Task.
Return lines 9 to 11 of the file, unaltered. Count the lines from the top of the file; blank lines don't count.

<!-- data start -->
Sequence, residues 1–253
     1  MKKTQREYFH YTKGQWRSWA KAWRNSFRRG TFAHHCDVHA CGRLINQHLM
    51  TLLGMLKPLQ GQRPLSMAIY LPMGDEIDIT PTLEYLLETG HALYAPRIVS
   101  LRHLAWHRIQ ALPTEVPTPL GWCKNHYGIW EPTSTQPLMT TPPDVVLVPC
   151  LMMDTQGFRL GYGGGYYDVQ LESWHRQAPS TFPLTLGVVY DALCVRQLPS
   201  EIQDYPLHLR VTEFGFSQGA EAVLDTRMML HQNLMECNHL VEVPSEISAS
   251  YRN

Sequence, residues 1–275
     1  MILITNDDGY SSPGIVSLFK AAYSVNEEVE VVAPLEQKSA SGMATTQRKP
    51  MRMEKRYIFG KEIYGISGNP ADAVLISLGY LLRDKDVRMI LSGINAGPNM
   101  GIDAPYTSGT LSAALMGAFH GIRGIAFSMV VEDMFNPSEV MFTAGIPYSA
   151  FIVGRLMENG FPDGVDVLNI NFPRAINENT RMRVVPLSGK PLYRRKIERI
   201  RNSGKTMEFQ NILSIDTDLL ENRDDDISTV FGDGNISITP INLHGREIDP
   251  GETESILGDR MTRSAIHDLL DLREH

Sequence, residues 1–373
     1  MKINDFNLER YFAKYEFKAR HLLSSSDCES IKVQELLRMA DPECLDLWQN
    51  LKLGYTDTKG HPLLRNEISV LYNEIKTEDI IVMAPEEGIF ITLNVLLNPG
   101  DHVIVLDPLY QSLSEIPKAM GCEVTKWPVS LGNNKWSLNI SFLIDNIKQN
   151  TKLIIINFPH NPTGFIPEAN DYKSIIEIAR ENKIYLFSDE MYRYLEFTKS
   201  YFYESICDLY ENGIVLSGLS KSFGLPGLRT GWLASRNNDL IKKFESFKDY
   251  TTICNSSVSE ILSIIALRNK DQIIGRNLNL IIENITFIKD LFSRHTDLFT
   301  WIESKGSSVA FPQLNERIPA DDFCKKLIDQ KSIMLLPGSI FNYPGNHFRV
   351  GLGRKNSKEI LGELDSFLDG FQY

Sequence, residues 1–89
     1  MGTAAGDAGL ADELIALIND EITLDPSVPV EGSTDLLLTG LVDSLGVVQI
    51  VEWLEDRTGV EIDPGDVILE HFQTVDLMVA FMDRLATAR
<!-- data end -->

     1  MILITNDDGY SSPGIVSLFK AAYSVNEEVE VVAPLEQKSA SGMATTQRKP
    51  MRMEKRYIFG KEIYGISGNP ADAVLISLGY LLRDKDVRMI LSGINAGPNM
   101  GIDAPYTSGT LSAALMGAFH GIRGIAFSMV VEDMFNPSEV MFTAGIPYSA